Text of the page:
51% of the British public say thatm, while it should be illegal to use a mobile phone you have to hold while driving, it should not be illegal to use a hands-free
This week is National Road Safety Week, and its coordinating charity Brake has called for a ban on the use of hands-free phones while driving, alongside the now 10-year old ban on phones you have to hold. They cite research suggesting 98% of motorists are unable to divide their time between driving and talking on the phone, even when on hands-free, and doing so increases the risk of crashing.
While most of the public disapprove of a ban, a significant minority support it.
51% of the public say that while it should be illegal to use a mobile phone you have to hold while driving, it should be legal to use a hands-free phone. And another 4% oppose any ban, saying that any sort of mobile should be legal to use while driving. Still, 40% think it should be illegal to use a mobile phone while driving, even it is a hands-free phone.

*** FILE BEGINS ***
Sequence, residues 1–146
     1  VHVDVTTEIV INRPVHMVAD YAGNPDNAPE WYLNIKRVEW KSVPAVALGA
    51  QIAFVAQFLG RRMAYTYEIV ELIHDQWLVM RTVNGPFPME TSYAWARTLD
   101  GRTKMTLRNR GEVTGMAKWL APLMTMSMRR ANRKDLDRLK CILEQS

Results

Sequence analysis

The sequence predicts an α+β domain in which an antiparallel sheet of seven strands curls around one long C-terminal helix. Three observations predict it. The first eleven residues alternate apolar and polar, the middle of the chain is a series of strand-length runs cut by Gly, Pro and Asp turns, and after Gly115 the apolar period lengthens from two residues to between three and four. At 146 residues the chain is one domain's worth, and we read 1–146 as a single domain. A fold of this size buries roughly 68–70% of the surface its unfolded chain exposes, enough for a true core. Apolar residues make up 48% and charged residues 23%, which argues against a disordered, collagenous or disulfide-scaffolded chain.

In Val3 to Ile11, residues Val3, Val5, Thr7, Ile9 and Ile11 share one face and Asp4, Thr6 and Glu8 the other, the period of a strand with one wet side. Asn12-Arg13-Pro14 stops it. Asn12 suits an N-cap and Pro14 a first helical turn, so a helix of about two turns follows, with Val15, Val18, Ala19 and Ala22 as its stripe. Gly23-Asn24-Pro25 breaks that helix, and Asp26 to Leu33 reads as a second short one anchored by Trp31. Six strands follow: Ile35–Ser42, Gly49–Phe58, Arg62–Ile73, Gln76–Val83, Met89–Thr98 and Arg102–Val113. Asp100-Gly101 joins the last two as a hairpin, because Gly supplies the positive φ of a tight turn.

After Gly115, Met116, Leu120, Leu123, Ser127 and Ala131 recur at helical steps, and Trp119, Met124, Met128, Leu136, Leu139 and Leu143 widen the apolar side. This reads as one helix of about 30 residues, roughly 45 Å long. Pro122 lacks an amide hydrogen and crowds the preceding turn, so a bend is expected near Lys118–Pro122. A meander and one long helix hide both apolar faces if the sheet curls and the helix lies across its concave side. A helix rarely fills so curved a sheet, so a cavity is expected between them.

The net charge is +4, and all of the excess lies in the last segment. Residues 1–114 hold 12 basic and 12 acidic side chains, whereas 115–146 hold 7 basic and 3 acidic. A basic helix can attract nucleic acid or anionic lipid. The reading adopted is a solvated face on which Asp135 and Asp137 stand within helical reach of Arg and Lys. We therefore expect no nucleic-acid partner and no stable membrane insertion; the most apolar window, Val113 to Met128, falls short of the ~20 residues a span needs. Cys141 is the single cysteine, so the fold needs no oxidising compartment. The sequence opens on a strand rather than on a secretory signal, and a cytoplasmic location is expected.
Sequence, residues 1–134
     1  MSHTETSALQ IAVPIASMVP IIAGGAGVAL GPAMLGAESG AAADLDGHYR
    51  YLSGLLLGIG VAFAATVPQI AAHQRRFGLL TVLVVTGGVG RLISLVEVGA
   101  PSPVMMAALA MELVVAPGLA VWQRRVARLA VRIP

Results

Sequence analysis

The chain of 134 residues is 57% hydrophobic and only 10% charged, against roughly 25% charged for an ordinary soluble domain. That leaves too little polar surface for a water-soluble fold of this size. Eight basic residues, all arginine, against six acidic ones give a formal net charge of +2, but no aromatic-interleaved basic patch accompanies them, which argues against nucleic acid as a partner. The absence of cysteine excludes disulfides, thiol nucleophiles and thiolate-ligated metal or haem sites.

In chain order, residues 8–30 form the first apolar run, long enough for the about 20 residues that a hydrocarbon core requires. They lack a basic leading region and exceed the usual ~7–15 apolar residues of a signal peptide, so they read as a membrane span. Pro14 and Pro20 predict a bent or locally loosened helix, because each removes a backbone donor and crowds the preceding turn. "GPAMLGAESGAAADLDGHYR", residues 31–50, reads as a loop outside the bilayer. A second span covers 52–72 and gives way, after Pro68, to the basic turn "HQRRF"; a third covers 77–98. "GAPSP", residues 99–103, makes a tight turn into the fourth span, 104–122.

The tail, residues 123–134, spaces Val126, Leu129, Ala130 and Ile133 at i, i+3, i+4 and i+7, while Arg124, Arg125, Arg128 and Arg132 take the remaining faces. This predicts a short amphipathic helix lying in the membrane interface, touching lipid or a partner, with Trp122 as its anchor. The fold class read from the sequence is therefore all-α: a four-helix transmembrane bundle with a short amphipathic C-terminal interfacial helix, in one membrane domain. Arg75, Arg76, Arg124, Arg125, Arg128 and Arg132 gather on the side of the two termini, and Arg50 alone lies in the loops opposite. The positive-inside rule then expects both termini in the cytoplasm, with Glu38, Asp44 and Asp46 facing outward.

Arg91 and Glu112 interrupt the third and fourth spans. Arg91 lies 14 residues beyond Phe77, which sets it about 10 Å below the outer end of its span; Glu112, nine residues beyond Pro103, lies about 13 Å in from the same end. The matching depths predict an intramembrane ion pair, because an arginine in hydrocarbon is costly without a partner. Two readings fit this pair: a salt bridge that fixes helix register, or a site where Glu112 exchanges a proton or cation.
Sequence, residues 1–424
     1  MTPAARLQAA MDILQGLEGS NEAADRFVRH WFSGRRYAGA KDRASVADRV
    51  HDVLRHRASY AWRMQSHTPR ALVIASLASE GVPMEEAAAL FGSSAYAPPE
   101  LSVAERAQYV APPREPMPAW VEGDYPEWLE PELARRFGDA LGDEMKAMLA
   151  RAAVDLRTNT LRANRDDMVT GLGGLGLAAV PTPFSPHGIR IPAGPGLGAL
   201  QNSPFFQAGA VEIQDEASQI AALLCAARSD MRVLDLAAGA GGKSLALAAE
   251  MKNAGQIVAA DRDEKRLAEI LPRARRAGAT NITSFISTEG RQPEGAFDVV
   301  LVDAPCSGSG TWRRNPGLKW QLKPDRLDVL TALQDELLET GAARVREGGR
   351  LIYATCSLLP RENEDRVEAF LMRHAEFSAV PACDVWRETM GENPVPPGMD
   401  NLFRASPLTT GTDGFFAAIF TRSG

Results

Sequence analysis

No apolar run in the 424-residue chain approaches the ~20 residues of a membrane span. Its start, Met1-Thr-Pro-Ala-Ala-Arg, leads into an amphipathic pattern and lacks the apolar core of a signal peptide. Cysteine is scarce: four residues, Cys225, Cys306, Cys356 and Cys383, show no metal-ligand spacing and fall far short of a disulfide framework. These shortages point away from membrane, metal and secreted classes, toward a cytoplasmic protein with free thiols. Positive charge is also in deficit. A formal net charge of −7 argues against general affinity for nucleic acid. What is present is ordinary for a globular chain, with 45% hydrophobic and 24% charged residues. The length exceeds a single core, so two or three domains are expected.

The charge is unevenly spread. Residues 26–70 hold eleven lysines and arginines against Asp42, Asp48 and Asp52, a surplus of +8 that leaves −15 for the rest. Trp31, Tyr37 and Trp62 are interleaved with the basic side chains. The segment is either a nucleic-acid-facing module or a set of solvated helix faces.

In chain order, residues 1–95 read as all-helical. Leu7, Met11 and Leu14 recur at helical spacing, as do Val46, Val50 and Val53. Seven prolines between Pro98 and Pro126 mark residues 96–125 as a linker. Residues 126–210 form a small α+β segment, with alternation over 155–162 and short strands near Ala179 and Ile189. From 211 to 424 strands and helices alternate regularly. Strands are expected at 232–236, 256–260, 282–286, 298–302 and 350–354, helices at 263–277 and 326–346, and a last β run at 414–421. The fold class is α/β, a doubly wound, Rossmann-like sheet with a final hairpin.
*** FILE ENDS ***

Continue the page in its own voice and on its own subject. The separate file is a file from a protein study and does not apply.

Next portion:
Those perhaps better acquainted with mobile phone technology, young people, are least supportive of a ban on hands-free phones. Only 30% of 18-24 year olds and 32% of 25-39 would support one; that compares to 41% and 51% of 40-59 year olds and those over 60.
The charity are also calling for the penalty for calling or texting behind the wheel to be increased from £100 to between £500 and £1,000. The government have said they are not looking to ban hands-free kits.